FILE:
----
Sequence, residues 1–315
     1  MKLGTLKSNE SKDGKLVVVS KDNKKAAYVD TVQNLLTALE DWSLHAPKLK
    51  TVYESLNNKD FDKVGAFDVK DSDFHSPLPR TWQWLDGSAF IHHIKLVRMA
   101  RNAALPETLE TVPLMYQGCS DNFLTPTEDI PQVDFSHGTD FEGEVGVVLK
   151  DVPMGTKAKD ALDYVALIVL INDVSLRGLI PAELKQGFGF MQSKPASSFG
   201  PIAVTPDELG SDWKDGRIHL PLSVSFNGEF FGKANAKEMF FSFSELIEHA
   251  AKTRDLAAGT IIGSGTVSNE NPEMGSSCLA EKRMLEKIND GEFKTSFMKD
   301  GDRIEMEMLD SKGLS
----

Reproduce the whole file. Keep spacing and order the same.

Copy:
Sequence, residues 1–315
     1  MKLGTLKSNE SKDGKLVVVS KDNKKAAYVD TVQNLLTALE DWSLHAPKLK
    51  TVYESLNNKD FDKVGAFDVK DSDFHSPLPR TWQWLDGSAF IHHIKLVRMA
   101  RNAALPETLE TVPLMYQGCS DNFLTPTEDI PQVDFSHGTD FEGEVGVVLK
   151  DVPMGTKAKD ALDYVALIVL INDVSLRGLI PAELKQGFGF MQSKPASSFG
   201  PIAVTPDELG SDWKDGRIHL PLSVSFNGEF FGKANAKEMF FSFSELIEHA
   251  AKTRDLAAGT IIGSGTVSNE NPEMGSSCLA EKRMLEKIND GEFKTSFMKD
   301  GDRIEMEMLD SKGLS